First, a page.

Wednesday, December 08, 2010


This stagy romantic comedy in an important landmark in Hollywood history: it was the first mainstream film since 1934 released without a Production Code seal. The problem wasn't just language (words like "mistress" and "virgin") but, I suspect, the very light-heartedness with which the movie treats sex. Architect William Holden, who has just broken up with Dawn Addams, meets young screwball Maggie McNamara at the Empire State Building, and the two spend the rest of the day and evening playing romantic games, mostly at Holden's apartment. She is much more forthright about sexual matters than Holden (or a typical 1950s film audience) is used to, asking if he has a mistress and letting him know right off the bat that she's a virgin. Addams, the ex-, lives a floor above Holden with her father, David Niven, who falls for McNamara and tries to buy her love with a cash loan so she can pay her rent. The three do some witty sparring, with Addams eventually entering the picture, but for all the flirting and innuendo, no virtue is lost, though Holden does get a sock in the jaw from McNamara's father. The next day, Holden proposes to her back at the Empire State Building and she says yes.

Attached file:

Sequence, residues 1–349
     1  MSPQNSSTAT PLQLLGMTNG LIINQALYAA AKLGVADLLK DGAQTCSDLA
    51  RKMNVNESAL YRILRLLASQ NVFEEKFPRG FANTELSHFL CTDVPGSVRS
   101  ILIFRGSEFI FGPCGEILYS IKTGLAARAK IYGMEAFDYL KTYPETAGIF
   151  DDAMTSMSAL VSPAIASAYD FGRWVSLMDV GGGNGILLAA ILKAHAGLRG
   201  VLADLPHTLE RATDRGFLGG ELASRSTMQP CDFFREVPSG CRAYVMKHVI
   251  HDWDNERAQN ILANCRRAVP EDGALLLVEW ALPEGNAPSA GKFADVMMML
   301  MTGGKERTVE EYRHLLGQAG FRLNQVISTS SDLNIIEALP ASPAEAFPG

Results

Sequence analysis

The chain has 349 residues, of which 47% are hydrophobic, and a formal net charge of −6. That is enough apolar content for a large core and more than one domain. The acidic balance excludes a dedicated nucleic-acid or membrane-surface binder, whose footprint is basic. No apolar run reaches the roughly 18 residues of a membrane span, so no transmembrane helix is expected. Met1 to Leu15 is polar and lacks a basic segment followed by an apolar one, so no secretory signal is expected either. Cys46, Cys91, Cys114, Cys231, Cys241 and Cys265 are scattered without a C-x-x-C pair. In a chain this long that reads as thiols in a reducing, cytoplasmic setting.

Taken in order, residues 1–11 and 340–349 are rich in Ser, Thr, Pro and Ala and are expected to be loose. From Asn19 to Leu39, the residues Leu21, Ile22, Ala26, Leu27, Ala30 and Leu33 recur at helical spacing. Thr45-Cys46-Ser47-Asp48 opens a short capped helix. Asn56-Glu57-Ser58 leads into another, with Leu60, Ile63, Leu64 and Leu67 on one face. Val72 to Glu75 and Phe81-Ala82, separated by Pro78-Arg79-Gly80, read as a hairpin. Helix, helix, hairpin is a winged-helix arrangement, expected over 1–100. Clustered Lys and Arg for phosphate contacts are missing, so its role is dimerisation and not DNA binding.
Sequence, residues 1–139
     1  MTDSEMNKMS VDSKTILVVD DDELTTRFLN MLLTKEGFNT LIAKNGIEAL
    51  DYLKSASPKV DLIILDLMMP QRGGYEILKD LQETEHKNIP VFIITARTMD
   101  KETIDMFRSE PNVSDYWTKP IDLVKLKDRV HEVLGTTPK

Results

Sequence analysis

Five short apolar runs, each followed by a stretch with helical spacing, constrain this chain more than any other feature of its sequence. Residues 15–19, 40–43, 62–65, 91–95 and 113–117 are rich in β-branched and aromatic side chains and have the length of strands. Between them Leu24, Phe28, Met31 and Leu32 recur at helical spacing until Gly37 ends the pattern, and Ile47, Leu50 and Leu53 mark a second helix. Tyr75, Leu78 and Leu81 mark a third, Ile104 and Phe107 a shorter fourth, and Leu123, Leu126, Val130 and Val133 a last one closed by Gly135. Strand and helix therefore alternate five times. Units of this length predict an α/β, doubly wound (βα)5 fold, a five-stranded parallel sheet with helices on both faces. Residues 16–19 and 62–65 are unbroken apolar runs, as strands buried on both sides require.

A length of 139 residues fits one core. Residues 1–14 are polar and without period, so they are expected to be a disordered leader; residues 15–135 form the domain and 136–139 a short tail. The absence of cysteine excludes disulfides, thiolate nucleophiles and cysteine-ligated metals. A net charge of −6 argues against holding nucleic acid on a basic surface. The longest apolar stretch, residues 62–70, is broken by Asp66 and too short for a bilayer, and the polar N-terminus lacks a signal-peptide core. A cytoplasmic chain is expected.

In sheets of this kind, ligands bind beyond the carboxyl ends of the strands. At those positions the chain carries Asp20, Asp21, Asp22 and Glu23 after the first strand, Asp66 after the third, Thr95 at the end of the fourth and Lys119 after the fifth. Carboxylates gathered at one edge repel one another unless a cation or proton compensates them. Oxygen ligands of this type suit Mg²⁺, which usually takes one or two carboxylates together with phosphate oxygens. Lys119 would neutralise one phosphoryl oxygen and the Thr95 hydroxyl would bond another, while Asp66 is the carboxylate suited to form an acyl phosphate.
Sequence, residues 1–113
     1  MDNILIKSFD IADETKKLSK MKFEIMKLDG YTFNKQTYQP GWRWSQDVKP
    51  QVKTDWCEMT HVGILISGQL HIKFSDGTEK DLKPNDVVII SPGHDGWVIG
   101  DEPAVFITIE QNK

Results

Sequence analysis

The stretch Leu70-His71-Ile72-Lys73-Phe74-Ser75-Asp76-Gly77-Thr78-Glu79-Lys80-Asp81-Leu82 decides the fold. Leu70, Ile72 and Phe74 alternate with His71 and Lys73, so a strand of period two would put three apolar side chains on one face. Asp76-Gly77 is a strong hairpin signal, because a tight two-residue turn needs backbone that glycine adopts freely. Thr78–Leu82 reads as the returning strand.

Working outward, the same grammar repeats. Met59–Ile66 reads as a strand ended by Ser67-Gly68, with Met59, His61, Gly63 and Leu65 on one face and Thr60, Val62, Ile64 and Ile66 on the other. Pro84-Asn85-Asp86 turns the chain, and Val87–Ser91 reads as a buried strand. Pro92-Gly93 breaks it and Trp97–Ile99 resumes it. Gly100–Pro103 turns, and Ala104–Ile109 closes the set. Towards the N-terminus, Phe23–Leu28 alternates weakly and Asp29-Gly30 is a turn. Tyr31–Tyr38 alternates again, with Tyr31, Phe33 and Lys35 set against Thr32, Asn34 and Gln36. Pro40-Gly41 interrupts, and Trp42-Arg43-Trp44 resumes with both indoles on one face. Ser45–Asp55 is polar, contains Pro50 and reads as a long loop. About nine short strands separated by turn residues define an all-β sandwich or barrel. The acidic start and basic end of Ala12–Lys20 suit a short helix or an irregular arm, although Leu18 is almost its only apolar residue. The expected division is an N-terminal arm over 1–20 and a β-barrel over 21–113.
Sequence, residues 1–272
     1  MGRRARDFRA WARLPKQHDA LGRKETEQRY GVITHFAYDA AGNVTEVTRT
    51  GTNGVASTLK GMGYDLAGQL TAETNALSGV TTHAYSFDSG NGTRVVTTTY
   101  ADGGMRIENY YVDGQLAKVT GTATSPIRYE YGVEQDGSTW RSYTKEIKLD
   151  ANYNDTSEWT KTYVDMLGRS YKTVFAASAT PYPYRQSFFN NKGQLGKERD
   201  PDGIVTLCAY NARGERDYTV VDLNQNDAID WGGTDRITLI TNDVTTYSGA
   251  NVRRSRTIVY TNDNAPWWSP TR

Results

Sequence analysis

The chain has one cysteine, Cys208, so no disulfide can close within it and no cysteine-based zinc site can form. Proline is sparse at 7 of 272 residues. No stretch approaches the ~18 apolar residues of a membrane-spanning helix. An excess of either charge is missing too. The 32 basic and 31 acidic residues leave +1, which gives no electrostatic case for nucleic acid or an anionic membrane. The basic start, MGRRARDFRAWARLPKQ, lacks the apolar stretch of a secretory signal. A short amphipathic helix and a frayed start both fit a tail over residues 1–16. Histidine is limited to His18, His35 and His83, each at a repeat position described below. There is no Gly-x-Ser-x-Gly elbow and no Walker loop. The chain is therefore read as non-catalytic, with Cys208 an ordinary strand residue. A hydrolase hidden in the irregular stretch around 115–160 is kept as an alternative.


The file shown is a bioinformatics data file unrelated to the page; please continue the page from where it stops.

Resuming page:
Though the situations and dialogue are no longer scandalous, one can still get frissons of delight from some of the mildly naughty exchanges. Early on, in order to "save time," McNamara asks Holden if he has a mistress; he says no, apparently making the claim that he and Addams didn't have sex, but later when he says Addams was "pretty all over," McNamara says, "Then she was your mistress!" No, he insists, claiming "it's sort of high school to have a mistress unless you crave one" (mimicking an earlier line of hers about drinking alcohol). When McNamara asks if it's OK to take off her shoes, Holden says, "Take off anything you like." At one point, Niven announces that he likes "steaks, liquor, and sex--in that order." When Holden worries that McNamara is preoccupied with sex, she replies, "Isn't it better for a girl to be preoccupied with sex than occupied?" Eventually, McNamara is accused of being a "professional virgin," using her virtue as a selling point. And so on. McNamara comes off like a virginal Holly Golightly, though it's unclear how much of her flirty manner is deliberate and how much is accidental. I think we are meant to take her at face value, meaning she's a bit ditzy but intends to be a good girl. Once the action settles in Holden's apartment, we rarely leave there (except for a few scenes at Niven's place) and there is a claustrophobic feel to the proceedings eventually. Holden and Niven are fun, but there is a bit of an off-putting distance to McNamara's performance. Largely the film does hold up after all these years, though it's best appreciated as a period piece. [TCM]

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